While the most common ingredients found in pickling brine include salt, water, and vinegar which are all acceptably low FODMAPs, many recipes include garlic and onion, making the pickles unsuitable low FODMAP foods. Therefore, look for brands that are created specifically for low FODMAP diets.

Is Cucumber Juice Low FODMAP?

Glass of fresh cucumber juice on marble background

Although cucumber juice is not officially tested, it is generally well-tolerated by individuals with IBS or similar gut irritations.

Also, given that fresh cucumbers are FODMAP free, it is highly likely that cucumber juice is low, if not free of FODMAPs.

However, be sure to double-check that the cucumber juice is made with pure cucumbers and contains no preservatives or additives like sugars or fruit high in fructose.

To be safe, test your tolerance of untested foods like cucumber juice or concentrate when your IBS symptoms are under control, and stick to small portions.

Defining FODMAPs

FODMAPs are a group of short-chain carbs that tend to be pretty resistant to digestion. So, instead of naturally absorbing into the bloodstream, they move down into the far end of your intestine, where most of a person’s gut bacteria reside.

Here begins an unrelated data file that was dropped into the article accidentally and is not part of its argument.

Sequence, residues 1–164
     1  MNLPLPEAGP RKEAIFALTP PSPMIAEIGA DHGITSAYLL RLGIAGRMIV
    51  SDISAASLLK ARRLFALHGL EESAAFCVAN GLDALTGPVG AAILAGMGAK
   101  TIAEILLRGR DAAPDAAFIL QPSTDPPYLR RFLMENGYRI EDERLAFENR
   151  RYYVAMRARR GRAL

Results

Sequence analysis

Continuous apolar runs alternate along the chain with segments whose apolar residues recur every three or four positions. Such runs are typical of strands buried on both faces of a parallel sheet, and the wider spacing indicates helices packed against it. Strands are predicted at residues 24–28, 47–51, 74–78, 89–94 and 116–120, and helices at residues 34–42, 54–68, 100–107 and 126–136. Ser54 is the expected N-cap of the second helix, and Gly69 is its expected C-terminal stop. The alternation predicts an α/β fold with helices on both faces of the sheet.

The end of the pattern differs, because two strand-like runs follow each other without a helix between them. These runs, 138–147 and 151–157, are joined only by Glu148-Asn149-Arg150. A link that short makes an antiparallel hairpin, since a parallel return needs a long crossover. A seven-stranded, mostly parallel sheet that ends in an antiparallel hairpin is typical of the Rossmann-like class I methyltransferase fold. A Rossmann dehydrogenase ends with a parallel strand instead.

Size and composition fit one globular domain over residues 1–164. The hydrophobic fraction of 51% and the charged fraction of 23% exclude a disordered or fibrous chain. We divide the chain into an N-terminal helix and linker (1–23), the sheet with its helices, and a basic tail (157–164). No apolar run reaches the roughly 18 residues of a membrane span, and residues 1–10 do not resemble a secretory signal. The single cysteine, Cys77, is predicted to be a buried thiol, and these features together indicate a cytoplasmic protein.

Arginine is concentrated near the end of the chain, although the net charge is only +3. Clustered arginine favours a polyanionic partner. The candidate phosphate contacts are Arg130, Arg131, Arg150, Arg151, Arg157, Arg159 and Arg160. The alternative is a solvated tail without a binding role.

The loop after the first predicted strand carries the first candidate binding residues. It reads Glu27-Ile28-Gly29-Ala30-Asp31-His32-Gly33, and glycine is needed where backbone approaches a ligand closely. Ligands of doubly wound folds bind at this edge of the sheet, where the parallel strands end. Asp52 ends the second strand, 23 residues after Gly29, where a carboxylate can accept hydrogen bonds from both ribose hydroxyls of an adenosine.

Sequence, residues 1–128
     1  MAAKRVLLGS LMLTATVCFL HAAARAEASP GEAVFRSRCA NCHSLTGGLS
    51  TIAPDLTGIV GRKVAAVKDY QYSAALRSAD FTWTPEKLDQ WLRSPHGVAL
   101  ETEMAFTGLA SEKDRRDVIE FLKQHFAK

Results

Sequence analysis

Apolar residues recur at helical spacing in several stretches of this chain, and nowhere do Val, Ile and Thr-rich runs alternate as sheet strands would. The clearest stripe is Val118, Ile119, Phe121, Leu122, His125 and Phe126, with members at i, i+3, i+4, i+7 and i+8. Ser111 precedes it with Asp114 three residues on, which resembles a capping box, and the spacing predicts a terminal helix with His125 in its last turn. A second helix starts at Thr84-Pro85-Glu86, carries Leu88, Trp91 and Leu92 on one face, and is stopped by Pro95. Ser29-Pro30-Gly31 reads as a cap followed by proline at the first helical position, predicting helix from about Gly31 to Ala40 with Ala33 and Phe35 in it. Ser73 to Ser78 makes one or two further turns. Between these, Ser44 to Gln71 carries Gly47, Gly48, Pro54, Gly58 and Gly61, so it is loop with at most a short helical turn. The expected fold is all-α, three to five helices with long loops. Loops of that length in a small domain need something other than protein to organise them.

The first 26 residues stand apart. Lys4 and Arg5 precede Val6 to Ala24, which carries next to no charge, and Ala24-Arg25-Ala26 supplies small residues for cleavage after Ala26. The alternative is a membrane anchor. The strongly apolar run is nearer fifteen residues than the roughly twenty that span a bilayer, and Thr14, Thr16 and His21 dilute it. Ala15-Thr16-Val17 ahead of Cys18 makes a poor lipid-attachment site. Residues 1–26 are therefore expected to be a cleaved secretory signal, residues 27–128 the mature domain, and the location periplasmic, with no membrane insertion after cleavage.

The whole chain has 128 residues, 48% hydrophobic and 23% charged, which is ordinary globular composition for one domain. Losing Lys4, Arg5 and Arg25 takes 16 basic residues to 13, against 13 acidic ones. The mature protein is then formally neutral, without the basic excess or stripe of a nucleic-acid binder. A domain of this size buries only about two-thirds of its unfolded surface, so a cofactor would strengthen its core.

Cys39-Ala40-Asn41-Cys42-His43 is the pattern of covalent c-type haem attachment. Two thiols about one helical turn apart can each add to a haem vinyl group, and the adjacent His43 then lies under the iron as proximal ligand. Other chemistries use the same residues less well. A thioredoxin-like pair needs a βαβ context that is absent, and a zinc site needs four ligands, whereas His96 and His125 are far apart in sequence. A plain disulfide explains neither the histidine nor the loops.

The gut bacteria use these undigested carbs as fuel and produce hydrogen, a gas that causes digestive symptoms in individuals sensitive to FODMAP foods.

More, so FODMAPs draw liquid into the intestine, which can cause diarrhea.

FODMAPs include the following five food sources:

“Fermentable oligo-, di-, monosaccharides, and polyols.”

Fructose: Fructose is a simple sugar present in most fruit and vegetables. Fructose also makes up the structure of regular table sugar.

Lactose: A carb found in dairy products.

Fructans: Common in grains like wheat, rye, barley, and spelt.

Galactans: Galactans are polysaccharides present in most legumes.

Polyols: Sugar alcohols like sorbitol, xylitol, and mannitol. Polyols are also present in some fruit and vegetables.

What Happens When You Eat High FODMAP Foods?

The majority of FODMAPs pass through most parts of your intestines unchanged; they are classified as dietary fiber due to their high resistance to digestion. However, some of these carbs, like lactose and fructose, only function as FODMAPs in sensitive individuals.

When the FODMAPs reach the colon, they ferment and fuel your gut bacteria. Additionally, this leads to methane and hydrogen production; the latter leads to gas, bloating, abdominal pain, and constipation.

For individual’s sensitive to FODMAPs, these carbs poorly digest and reach the thick intestine. They then draw water into the intestine, contributing to diarrhea and other uncomfortable abdominal symptoms.

Should Everyone Follow A Low FODMAP Diet?